A Hennepin County Sheriff looks out at protesters gathered in front of the Brooklyn Center Police Department on April 14, 2021. Credit: Jaida Grey Eagle | Sahan Journal

After the murder of Daunte Wright, I stood in front of a fortified Brooklyn Center Police Department with my colleagues from the Senate People of Color and Indigenous (POCI) caucus and a number of allies. We showed up with a simple and reasonable demand: Considering the lack of meaningful action since the murder of George Floyd, we need to address the issue of police accountability independent of normal Senate business. That is, rather than leave reform as one of the last items to be debated and traded behind closed doors as part of budget negotiations, the Senate should hold public hearings on these policy proposals and bring them to the floor for a vote.

At the time, it looked like we might have broken through the established order of business. Senate Majority Leader Paul Gazelka hosted a press conference in April during which he promised to host fact-finding hearings on the issue of police brutality. Days later, he walked it back and ultimately decided against anything beyond holding a conference committee to pass a Judiciary and Public Safety omnibus bill. 

Passing a budget is our constitutional obligation. This moment demands greater action than that. 

Now, I am waiting alongside every other Minnesotan who cares about Black and brown lives for sound bites to trickle out of negotiations taking place under the cone of silence.

The budget should be debated and passed publicly, giving residents, community leaders, activists, and all 67 Senators the opportunity to weigh in. What’s happening now is much different: Small working groups of just a handful of members from the House and Senate are hashing out the details of a budget behind closed doors and without input from members of the public or the rest of the Legislature. Without public input, Republicans are insulated from backlash for pushing unpopular policies that are not supported by a majority of Minnesotans. 

Voters remain in the dark about police accountability—and so do most legislators 

The people of south Minneapolis and racial-justice advocates across Minnesota have fought tirelessly for a short list of reasonable proposals that would hold police accountable. These activists have no idea what will come of their work or whether the legislation they’ve fought for will be horse-traded for something else. 

This is a hard pill to swallow, given that Minnesotans overwhelmingly support these bills. Some are even supported by the top law enforcement organizations in our state. The closed-doors approach to budget negotiations has wrongfully prevented Minnesotans from having the opportunity to weigh in on the issues that are directly impacting our community.

The truth is that when all of the most consequential government business is done in secret, it shields politicians from public scrutiny. It makes it easier to strike deals that reinforce the status quo instead of moving Minnesota forward. If we do not know what is being said behind closed doors, the people lose their power to hold their elected officials accountable at the ballot box.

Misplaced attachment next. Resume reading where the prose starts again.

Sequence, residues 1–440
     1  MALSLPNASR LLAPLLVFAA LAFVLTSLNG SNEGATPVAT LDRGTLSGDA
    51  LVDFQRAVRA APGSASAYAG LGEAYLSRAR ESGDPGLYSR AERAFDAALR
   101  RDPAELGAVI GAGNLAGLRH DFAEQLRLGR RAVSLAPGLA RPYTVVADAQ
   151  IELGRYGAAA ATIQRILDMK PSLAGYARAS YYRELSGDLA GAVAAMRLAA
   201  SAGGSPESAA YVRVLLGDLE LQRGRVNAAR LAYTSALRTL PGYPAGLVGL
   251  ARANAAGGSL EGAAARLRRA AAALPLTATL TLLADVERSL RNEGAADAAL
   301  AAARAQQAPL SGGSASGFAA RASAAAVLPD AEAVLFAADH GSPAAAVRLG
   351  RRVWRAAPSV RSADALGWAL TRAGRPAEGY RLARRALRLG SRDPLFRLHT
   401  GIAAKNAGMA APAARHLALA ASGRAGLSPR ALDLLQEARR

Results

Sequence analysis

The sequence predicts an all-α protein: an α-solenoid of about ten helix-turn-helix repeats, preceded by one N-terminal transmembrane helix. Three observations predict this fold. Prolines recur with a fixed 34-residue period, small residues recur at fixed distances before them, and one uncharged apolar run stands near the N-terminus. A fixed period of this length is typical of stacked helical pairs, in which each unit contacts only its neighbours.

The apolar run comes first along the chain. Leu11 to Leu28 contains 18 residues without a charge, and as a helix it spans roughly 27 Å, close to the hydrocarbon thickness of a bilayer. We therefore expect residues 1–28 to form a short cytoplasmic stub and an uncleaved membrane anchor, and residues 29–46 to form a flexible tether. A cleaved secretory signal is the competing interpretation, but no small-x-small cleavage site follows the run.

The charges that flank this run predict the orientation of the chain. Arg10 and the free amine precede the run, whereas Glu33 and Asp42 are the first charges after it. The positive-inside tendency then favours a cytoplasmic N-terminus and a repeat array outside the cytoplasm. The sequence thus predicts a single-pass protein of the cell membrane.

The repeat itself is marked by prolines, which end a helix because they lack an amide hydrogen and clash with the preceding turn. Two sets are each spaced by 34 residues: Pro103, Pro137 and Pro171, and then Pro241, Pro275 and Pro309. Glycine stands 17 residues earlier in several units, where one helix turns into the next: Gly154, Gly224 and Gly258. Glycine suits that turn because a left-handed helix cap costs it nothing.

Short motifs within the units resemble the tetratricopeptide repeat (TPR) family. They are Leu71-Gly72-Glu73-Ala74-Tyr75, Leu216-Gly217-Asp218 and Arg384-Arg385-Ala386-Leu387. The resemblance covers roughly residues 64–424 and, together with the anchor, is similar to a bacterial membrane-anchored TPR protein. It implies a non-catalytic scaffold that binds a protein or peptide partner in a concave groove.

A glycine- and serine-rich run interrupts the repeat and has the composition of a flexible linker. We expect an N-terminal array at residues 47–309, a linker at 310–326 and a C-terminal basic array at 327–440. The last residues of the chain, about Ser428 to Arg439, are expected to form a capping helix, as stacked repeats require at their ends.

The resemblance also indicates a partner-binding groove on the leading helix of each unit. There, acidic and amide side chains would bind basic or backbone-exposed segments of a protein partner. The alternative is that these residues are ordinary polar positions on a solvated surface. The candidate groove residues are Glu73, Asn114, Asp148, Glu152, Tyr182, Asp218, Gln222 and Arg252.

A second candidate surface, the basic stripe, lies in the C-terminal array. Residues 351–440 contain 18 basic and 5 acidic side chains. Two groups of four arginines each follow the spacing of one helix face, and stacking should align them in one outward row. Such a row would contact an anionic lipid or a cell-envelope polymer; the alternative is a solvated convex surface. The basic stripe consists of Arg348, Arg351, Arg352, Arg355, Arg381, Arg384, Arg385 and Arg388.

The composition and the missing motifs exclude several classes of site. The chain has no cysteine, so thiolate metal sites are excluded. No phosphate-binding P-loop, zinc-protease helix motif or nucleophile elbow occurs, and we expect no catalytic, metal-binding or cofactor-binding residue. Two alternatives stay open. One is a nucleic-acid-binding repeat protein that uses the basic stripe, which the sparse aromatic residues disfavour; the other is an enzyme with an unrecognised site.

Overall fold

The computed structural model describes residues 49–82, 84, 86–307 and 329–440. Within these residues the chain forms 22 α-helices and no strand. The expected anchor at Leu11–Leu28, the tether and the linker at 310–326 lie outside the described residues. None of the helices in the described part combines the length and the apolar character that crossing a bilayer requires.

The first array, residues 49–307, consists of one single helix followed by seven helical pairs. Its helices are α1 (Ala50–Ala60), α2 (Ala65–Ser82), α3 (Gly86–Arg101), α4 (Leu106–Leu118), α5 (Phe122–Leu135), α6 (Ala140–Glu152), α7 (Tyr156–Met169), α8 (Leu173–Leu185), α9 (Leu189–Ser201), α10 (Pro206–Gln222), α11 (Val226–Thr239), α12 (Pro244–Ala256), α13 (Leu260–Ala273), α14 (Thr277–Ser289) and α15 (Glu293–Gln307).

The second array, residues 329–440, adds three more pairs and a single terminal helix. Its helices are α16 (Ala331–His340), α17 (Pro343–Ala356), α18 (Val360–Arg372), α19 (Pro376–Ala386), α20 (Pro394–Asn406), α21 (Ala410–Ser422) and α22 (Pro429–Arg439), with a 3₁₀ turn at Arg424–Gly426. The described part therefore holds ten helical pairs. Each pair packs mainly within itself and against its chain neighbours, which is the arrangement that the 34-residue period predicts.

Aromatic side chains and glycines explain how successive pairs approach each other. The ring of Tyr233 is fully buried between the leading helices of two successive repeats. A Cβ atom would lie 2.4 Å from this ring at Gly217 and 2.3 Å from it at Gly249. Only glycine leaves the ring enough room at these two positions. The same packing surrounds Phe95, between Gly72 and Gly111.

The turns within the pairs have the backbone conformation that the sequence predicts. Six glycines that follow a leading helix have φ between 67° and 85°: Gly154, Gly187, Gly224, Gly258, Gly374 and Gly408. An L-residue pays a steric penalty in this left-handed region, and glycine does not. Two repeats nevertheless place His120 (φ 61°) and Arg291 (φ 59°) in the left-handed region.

I represent south Minneapolis, one of the areas hit hardest by COVID-19 and the most affected by ongoing civil unrest. I have received countless emails every day demanding police accountability. I don’t know what to tell my constituents, because neither myself nor my colleagues in the Senate POCI caucus are in the room where these deals are being negotiated. Despite being elected to represent many of the communities most impacted by this legislation, none of us will have an opportunity to voice our support or opposition to the final omnibus package on public safety until a deal has been reached and it’s too late to alter or amend it.

We have a basic duty as legislators to protect Black and brown Minnesotans from continuing to be targeted, terrorized, and killed by the police. A lot needs to change before the BIPOC community can begin to trust our state government—not only in terms of policy, but also when it comes to the political process. Restoring transparency and inclusion will not solve the issue of trust, but it’s an important start.

This system is not functioning for the people, and the current order of business is leading to worse outcomes for Minnesotans across a range of issues, including health, wealth, public safety, education, and economic mobility. Our popularly supported agenda is being negotiated against the GOP’s right-wing agenda. Minnesotans aren’t able to raise their voices in opposition to the Republican blockade of the most important police reform and accountability measures because it’s all happening behind closed doors, where the public cannot participate.  

If we want to be a government by the people and for the people, it’s time to shed light on the work we are doing and invite the people back into the process.

Omar Fateh is a Minnesota senator representing south Minneapolis (Senate District 62) in the Minnesota Senate. As one of only two Black senators, he is a leader on issues of racial justice and public-safety...